Unusually Well Preserved Crater Found in North Sea

Stentor Danielson
National Geographic News
July 31, 2002

While searching for oil beneath the North Sea, British geologists located what they think is a crater caused by the impact of a meteor or comet that crashed into Earth more than 60 million years ago.

Named the Silverpit crater after a nearby seafloor channel, the site—130 kilometers (80 miles) east of the English coast—could give scientists a better look at what happens when an object from space crashes into Earth.

The crater, consisting of a central crater surrounded by ten concentric rings of escarpments, is 20 kilometers (12 miles) wide. It lies under 40 meters (130 feet) of water and a layer of sediment that in places is as thick as 1,500 meters (4,920 feet).

The team that reported on the discovery in the August 1 issue of Nature said the Silverpit crater is remarkably well preserved in comparison with other known craters on Earth that have been eroded by wind and rain, which should make it especially interesting to those who study meteor impacts.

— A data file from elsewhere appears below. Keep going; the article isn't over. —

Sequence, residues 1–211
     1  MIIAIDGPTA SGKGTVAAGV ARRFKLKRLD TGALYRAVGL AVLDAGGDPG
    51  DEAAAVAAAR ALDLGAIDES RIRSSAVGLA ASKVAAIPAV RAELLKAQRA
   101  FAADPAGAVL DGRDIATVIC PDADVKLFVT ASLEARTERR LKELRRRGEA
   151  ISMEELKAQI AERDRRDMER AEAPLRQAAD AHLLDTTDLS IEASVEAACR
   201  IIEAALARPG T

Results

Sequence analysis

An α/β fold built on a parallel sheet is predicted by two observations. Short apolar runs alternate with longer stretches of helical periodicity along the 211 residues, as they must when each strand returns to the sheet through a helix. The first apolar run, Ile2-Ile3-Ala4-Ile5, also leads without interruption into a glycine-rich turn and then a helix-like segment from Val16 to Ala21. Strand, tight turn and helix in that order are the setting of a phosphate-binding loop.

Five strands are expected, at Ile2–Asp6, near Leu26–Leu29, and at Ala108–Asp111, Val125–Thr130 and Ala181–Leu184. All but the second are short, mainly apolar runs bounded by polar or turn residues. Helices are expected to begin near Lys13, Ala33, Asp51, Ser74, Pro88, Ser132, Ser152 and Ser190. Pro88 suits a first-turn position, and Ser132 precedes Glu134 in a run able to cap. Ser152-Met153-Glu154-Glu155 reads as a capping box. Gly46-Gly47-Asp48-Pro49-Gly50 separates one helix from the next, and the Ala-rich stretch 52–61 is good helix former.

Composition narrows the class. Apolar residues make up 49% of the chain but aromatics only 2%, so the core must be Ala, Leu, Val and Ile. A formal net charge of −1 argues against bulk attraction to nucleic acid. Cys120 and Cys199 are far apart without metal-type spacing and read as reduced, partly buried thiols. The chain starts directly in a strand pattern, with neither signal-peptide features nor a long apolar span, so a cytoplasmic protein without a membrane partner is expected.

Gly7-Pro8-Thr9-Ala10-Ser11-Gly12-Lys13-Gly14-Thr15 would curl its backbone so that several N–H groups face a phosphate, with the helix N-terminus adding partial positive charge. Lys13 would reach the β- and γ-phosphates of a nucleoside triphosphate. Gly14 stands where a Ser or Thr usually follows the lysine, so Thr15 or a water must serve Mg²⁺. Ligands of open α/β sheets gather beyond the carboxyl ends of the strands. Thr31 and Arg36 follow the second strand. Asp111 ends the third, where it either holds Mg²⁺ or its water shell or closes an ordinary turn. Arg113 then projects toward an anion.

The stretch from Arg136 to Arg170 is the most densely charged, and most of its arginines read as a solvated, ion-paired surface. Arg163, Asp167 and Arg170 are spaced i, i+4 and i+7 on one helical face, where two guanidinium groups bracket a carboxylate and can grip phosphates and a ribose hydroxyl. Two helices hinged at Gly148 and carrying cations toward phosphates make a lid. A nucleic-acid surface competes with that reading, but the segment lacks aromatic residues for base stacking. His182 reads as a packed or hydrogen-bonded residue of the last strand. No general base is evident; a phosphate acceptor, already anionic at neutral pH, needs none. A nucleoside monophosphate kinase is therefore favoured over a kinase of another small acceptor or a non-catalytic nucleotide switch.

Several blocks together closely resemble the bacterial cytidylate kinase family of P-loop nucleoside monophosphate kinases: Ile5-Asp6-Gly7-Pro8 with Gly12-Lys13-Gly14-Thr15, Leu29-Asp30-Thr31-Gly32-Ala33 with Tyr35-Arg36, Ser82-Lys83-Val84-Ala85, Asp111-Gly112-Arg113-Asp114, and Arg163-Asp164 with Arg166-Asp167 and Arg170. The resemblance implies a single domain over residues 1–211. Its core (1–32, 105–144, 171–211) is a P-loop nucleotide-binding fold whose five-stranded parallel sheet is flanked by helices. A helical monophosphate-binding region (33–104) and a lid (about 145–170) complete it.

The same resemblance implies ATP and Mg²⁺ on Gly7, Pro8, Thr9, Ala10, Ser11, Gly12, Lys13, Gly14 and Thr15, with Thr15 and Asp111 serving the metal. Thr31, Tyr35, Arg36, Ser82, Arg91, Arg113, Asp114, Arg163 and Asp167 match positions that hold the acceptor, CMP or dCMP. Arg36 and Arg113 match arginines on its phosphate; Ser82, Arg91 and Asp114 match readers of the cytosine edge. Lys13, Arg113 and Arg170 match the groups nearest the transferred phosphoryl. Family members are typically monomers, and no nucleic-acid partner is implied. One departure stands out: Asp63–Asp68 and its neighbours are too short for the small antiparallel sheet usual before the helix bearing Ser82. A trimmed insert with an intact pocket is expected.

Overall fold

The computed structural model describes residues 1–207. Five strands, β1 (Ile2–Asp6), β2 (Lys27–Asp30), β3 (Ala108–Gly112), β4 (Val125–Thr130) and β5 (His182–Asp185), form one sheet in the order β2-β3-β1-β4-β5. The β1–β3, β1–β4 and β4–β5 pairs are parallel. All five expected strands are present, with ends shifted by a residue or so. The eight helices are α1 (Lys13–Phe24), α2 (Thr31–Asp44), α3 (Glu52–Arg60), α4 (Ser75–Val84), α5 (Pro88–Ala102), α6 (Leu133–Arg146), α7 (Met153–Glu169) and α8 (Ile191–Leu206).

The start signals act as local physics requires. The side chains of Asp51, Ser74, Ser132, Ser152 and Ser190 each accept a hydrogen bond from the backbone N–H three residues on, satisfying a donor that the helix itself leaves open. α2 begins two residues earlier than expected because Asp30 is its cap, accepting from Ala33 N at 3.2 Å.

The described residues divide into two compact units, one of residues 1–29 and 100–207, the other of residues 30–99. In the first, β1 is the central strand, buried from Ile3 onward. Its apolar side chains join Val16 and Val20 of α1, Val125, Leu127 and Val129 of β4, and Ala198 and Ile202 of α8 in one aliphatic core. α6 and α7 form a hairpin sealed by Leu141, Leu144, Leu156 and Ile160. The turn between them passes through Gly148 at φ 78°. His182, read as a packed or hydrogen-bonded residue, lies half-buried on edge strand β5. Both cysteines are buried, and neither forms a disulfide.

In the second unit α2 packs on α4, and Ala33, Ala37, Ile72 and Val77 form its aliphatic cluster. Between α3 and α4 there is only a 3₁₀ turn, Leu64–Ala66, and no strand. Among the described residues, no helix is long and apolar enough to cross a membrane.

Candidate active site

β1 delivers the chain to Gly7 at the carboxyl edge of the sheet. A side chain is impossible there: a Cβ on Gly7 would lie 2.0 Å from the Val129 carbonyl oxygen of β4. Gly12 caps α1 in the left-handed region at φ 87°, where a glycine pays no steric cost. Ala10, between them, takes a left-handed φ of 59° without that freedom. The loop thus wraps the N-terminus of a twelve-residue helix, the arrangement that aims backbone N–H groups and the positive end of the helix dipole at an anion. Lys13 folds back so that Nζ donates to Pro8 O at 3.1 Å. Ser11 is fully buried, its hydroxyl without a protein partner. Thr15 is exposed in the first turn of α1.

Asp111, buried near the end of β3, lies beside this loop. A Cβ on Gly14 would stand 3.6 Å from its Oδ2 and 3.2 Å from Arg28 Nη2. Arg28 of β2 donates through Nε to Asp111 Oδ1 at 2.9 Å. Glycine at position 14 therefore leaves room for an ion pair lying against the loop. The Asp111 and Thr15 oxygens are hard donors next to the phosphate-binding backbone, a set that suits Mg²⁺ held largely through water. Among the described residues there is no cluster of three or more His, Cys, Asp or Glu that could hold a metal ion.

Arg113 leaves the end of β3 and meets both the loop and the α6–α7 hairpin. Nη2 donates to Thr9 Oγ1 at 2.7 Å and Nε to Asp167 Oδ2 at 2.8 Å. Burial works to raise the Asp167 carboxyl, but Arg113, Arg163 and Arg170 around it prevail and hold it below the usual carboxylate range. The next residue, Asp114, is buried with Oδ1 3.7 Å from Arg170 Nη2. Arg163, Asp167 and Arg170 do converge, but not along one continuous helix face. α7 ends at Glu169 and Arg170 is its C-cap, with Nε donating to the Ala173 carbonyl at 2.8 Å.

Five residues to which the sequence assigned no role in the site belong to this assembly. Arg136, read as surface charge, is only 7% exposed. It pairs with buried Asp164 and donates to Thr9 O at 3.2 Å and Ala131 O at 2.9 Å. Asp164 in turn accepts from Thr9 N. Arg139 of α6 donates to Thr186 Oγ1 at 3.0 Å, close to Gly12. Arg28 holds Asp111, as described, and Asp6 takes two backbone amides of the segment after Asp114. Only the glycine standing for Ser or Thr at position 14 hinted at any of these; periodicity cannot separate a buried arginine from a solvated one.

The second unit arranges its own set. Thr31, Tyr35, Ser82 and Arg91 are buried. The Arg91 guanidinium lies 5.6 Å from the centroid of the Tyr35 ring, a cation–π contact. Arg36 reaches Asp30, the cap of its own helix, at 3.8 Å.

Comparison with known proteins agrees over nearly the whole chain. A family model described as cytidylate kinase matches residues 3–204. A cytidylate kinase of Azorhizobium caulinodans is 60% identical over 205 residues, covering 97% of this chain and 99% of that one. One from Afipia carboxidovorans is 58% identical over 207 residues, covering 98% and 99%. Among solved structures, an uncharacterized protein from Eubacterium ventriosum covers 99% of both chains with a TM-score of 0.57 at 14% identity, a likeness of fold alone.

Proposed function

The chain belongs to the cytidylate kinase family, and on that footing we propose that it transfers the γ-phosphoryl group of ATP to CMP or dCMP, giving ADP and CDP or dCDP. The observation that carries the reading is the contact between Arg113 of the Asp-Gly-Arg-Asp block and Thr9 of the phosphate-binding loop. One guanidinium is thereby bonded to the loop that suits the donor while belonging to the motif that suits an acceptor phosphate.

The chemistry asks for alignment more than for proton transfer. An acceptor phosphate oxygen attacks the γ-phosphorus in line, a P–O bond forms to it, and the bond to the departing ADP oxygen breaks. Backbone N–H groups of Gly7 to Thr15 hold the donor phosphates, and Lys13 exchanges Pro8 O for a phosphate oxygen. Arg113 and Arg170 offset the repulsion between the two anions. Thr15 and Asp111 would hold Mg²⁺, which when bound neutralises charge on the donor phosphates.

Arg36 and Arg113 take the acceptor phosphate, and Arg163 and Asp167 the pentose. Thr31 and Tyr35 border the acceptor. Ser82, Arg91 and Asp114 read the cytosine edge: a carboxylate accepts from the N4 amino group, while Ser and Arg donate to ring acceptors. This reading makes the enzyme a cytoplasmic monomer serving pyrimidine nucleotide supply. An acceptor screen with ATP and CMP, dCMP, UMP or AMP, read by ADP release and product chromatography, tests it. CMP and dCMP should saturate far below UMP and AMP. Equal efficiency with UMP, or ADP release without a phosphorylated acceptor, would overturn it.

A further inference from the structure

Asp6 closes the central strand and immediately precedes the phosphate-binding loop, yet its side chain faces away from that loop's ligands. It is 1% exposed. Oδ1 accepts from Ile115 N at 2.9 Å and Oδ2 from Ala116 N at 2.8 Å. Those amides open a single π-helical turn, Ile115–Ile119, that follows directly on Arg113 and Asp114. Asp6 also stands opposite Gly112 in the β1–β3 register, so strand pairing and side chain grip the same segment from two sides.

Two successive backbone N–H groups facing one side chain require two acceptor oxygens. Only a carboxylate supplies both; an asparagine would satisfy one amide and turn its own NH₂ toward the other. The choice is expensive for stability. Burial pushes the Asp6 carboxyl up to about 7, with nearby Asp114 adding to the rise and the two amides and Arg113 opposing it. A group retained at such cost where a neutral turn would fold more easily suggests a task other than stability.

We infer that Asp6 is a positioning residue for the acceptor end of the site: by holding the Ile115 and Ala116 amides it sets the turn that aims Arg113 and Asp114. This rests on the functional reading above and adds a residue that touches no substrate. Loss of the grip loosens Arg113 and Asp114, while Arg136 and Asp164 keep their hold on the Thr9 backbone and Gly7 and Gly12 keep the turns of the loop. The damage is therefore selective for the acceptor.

"Most craters found on Earth are highly eroded, poorly preserved, and only found on land," the United Kingdom-based authors, Simon A. Stewart of British Petroleum in Aberdeen and Phillip J. Allen of Production Geoscience Limited in Banchory, said in their journal article.

The Silverpit crater, they added, resembles craters seen by astronomers on the Moon and Europa, a moon of Jupiter. Such craters are not subject to the eroding effects of wind and rain.

Seismic Data

Stewart said that the undersea crater discovery was "an accident." While Allen was examining seismic data in search of gas fields, Stewart explained, "he noticed out of the corner of his eye some anomalous features" in the shallower layers of the seafloor.

Allen then mapped the unusual area and hung the map in the hope that someone else might know what the features represented. Stewart said he suspected the crater might have been formed by the impact of a meteor or asteroid.

Stewart and Allen ruled out a volcanic origin because there were no magnetic anomalies in the crater. They also eliminated salt intrusions from lower layers of rock, because the underlying Triassic and Permian strata were undisturbed.

The crater is formed in Cretaceous chalk and Jurassic shale, covered by an undisturbed layer of Tertiary sediment. This means the crater was formed between 60 and 65 million years ago, near the end of the age of the dinosaurs.

Continued on Next Page >>


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